Instant Family is the true story of foster care and two people who realize they have a lot of love to give.
The idea that family starts with two people who love each other has long since been debunked. Families come in all shapes and sizes and Sean Anders newest film, Instant Family disproves the theory that you can’t choose your family; your family chooses you.
Pete (Mark Wahlberg) and Ellie (Rose Byrne) are a suburban couple who flip houses for a living and they are really successful at it. Their own families have been goading them to start a family of their own, but we get the sense in the opening frames of the film that they’re not entirely ready to do that.
Ellie, of course has a different approach: why not adopt, and when she presents that idea to Pete, he rejects it until he sees the kids on the adoption web site. His heart is captured. They agree to take on one child, but find that when they meet three siblings, Lizzy, Juan and Lita, they decide that they have room in their hearts for three kids.
What they realize, very quickly, is just how unprepared they were for children. Lizzy (Isabela Moner) is a rebellious teenager with raging hormones and a desire to be loved. Juan (Gustavo Quiroz) is a hapless young sprout in need of a father figure to show him the ropes. Lita (Julianna Gamiz) is a pistol, but a loveable one. They are three kids who really need a family to love them and support them, even if it’s not necessarily something they want.
Instant Family is based in part on the real life experience of director and co-writer, Sean Anders who along with co-writer John Morris tells an honest and heartfelt story of the foster care system. The story focuses on the kids who are in need of families and the parents who think they are prepared or know what they want, and they realize just how unprepared they really are.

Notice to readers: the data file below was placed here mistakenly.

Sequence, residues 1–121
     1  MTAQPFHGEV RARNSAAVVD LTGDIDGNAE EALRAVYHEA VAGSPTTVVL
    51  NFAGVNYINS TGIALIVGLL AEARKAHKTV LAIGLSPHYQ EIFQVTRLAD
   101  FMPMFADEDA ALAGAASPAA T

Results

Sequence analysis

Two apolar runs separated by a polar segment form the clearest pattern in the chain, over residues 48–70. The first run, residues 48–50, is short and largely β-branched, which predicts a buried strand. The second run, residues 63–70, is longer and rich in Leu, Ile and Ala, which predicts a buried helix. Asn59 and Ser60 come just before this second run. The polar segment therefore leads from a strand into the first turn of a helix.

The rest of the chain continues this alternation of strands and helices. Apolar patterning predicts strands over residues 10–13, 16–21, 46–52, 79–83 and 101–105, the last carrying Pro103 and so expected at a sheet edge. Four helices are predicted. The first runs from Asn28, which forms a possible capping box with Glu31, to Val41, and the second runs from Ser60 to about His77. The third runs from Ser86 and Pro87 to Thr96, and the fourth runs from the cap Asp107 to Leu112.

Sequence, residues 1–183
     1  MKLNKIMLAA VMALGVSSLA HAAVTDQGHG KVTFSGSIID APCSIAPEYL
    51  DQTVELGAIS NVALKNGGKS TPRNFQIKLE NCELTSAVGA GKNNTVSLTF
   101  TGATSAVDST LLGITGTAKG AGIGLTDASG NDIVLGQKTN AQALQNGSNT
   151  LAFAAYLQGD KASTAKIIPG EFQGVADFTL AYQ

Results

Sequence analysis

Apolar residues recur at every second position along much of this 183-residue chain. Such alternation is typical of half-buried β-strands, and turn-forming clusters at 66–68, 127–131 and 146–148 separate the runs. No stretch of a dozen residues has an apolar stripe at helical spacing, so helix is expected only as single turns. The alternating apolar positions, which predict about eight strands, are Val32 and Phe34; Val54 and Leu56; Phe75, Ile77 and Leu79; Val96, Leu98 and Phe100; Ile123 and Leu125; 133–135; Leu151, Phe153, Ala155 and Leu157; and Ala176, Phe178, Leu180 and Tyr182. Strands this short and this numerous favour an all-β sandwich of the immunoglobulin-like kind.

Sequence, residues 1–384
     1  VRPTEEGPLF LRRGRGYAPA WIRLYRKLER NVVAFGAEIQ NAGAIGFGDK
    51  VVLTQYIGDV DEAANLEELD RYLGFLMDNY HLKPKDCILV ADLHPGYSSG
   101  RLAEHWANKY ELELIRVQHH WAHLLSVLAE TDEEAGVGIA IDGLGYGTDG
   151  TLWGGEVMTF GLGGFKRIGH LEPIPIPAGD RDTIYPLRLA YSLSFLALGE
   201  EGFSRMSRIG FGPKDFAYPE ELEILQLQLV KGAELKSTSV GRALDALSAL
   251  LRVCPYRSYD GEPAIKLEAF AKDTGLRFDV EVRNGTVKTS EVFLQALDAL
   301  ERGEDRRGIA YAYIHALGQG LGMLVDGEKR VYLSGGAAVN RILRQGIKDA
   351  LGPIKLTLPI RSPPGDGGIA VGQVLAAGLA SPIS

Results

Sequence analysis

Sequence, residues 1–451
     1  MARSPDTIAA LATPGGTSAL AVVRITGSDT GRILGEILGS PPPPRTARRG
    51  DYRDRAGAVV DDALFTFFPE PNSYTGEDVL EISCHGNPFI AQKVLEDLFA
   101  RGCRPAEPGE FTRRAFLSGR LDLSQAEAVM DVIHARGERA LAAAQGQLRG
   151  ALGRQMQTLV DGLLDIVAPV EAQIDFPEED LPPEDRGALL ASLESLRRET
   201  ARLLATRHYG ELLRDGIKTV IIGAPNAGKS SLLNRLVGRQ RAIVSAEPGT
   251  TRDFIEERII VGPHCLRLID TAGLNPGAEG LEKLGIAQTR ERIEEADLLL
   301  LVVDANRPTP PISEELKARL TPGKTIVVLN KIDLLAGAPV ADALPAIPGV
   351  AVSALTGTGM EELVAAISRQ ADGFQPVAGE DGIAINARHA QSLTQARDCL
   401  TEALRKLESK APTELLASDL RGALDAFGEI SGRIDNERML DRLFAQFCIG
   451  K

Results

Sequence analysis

Octavia Spencer plays Karen, one of the social workers along with Tig Notaro as Sharon. They are there as much as guides for the parents-to-be as well as the audience. We can laugh with them because they’ve been through the process; they’ve seen the end result. But we also feel with them when the parents realize what they’ve gotten into and they are there to support them.
Anders and Morris make us feel good for going along this journey and the payoff is well worth the price of admission. Wahlberg, who is a staple of the duo’s films, especially the Daddy’s Home film series puts away his machismo personae for a couple of hours and returns to his dramatic roots with that twinkle in his eye. In fact, Anders had a good anecdote about how he got Wahlberg to star in the film in our interview with the duo.
The biggest struggle for the film is to ensure that the foster care system is painted in a positive and purposeful light. Too often, films or the media paint the foster care system in a negative light. Instant Family is an example of the system and people doing rigiht.
Anders layers the film with a strong supporting cast, specifically Julie Hagerty as Jan, Ellie’s mom. There’s a hilarious moment with her involving markers. Not to be outdone is Margo Martindale as Sandy, Pete’s mom. She wants to be everyone’s friend, but she offers the sagest advice.
Wisdom rules everything when it comes to family, blood or otherwise. Sean Anders has a lot of love to give and he brought it home in spades with Instant Family.
Now in theaters, Instant Family is rated PG-13.